Buttered Rice


Richard Bishop

© Copyright 2012 by Richard Bishop 


Photo of a bowl of buttered rice.

I'm not the Editor of a great Magazine or Newspaper but sometimes, I just can't resist editorializing. We're all quite used to not being asked hardware questions like where the knobs will go on our new TV sets or what and where the accessories will be on the new cars that we buy. But, doesn't it go a bit too far when this penchant for telling us what “we're gonna get – like it or not!” extends even to the food we buy. So, I feel it's time to take our "American Way Of Life" to task and show just how it is shaped by "Marketing" in such an insidious way that we Consumers have little to say about these things (and usually don't even realize it). The following are two examples where the American Public has been “taken-in” by Marketers hired to “pull the wool over their eyes.”

One famous brand of fast Rice dishes has pounded it into our heads for years that each grain of cooked Rice has to stay separated all the way from the package, through the cooking pot, to the Rice-bowl; either that or the Cook is a failure! This “fad” is such "Poppycock!" Everybody who has been West of San Francisco knows that the best Rice is "Sticky-Rice;" just right for staying on the chopsticks in gluey clumps, resulting in a real mouthful of delectable Rice in its best form (whether or not you actually use chopsticks). Combine that with American Rice from California called Blue Rose which is large, big-grained (not long-grain) and plump, and you have the ingredients of a memorable Asian meal. We have let the “hired-hands,” i.e., American Marketers get away with this "hokum" for years.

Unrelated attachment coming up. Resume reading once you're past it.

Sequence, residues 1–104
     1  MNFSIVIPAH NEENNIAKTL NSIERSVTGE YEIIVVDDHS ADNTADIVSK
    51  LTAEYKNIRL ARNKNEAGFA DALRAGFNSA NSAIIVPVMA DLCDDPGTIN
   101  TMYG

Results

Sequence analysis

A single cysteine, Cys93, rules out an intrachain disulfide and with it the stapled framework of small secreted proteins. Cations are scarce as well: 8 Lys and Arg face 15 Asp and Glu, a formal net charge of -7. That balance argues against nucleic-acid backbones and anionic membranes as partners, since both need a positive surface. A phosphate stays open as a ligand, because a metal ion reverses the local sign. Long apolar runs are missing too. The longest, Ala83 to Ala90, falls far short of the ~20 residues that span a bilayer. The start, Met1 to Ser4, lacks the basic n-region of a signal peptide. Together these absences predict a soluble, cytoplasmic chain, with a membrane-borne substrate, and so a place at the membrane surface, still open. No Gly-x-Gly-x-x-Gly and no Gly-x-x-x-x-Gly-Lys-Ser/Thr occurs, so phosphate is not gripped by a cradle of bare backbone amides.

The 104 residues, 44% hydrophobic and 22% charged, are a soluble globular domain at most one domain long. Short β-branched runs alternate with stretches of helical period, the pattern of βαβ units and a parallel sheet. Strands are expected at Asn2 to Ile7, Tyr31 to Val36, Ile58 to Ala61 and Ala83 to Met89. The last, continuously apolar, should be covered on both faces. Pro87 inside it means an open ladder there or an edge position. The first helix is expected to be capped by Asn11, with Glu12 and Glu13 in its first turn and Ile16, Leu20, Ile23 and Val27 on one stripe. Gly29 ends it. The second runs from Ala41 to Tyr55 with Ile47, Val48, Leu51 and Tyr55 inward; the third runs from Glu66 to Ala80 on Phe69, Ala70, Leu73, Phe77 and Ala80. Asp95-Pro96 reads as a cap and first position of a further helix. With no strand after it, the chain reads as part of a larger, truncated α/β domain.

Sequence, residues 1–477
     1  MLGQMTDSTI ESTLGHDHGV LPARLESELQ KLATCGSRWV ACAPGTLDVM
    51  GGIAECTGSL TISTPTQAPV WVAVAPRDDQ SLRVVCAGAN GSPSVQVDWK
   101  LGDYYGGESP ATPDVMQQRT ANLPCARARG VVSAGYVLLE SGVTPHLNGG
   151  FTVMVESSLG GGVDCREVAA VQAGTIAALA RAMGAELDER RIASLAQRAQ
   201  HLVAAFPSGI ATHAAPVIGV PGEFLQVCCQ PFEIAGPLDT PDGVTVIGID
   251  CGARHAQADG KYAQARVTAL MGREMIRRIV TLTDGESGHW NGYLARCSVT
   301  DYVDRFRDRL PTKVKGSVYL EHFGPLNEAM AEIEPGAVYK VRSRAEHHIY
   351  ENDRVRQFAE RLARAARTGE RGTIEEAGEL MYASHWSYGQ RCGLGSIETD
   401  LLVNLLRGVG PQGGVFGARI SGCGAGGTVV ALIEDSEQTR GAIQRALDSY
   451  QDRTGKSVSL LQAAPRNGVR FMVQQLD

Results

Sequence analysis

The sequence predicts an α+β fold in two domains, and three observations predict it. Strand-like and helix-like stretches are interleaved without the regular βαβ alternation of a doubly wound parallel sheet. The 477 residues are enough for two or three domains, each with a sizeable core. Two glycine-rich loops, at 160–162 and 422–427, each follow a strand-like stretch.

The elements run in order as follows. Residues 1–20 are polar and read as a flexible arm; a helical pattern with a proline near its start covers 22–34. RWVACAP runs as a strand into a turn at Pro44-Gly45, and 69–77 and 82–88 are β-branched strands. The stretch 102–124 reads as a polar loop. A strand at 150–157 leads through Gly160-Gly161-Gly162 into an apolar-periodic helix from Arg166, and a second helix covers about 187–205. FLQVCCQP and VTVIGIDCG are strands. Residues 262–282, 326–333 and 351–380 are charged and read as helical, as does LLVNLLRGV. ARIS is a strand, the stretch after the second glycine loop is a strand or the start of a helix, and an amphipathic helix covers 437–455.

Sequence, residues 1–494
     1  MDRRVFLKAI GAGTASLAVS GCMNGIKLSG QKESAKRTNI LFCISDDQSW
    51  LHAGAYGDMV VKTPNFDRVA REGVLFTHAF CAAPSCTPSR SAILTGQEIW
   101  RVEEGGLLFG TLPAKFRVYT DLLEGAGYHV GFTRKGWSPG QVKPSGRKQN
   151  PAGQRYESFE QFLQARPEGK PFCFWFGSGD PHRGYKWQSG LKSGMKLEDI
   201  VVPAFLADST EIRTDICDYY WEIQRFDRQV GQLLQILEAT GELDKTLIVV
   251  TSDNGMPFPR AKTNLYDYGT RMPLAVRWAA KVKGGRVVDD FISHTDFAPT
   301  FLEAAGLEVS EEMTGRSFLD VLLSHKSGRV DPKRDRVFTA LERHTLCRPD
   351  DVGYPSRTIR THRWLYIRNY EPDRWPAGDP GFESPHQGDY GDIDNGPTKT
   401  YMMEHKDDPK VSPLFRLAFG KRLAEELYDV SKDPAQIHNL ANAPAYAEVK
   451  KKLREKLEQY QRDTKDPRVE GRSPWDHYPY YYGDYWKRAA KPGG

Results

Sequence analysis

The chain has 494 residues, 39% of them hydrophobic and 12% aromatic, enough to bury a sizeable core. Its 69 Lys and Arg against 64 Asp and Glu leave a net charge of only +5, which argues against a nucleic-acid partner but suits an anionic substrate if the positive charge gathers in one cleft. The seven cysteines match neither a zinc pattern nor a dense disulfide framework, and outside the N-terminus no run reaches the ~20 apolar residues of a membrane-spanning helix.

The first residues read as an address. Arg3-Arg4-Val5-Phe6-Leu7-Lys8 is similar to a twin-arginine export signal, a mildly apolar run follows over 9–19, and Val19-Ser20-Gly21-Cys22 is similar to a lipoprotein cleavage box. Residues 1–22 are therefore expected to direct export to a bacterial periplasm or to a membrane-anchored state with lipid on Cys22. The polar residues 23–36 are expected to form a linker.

And now, they are trying to overtake Europe. The European Cooks are weakening, in the face of onslaughts by the "separate grains of Rice" advocates, as the fast Rice dish Hucksters "rev-up" their expansion into World-wide Markets. And, they'll probably try to tell the Asians how to eat their Rice, someday soon!

Now for the second example. Over the years, the Vegetable Oil Lobby has pushed every known argument into the banning of good creamery butter from the kitchen and the dining table. They got up to speed (long before it became fashionable to front Healthful Living to the American People) by leaning hard on the price difference between Butter and Margarine.

I do have to admit that for years, the Butter people had it their way and made it hard on the Margarine people by forcing the issue of making the consumer add yellowing dye to Margarine after purchase so that it could not possibly be confused with Butter in the showcase (that was a losing battle from the start and they knew it!).

But, now, in the turn-about, Butter has become the "endangered species" and has almost disappeared as a generic word from American TV Cooking shows. Catching up with the trends, the Margarine advertising has been quick to jump onto "Wellness" diets and the pointing out of the difference between "good" Cholesterol and "bad" Cholesterol, hoping for the
coup de grâce once-and-for-all for animal products like Butter.

I'm happy to say that the best European cooks (who, being on the other side of the “pond” these past years) were not "brain-washed" by all this. They have not fallen for this last campaign and still use Butter liberally in their dishes in their restaurants and TV cooking shows, and probably always will.

The Irish have gone one better and have melded all this together. Their “Irish Butter” always is soft and quashes the competition a different way (if you can't beat them, join them!). In the TV Ads, the Father of the House jumps up from the dinner table and checks to see if the refrigerator is still working when he finds the Butter quite soft! Their secret? They add vegetable oil (do I hear Margarine) to their Butter; not a lot, but just the right small amount to keep it soft whatever the temperature. And it sells, and sells, in Europe. And that’s because the price is right; usually always at least one penny below the local brands of Butter.

Now that's real marketing; find a need and satisfy it (all the while pricing it right). There are no “snake-oil-type pitchmen” desired here. No trying to start “fads,” either. And no wool to dim our vision! It practically sells itself.

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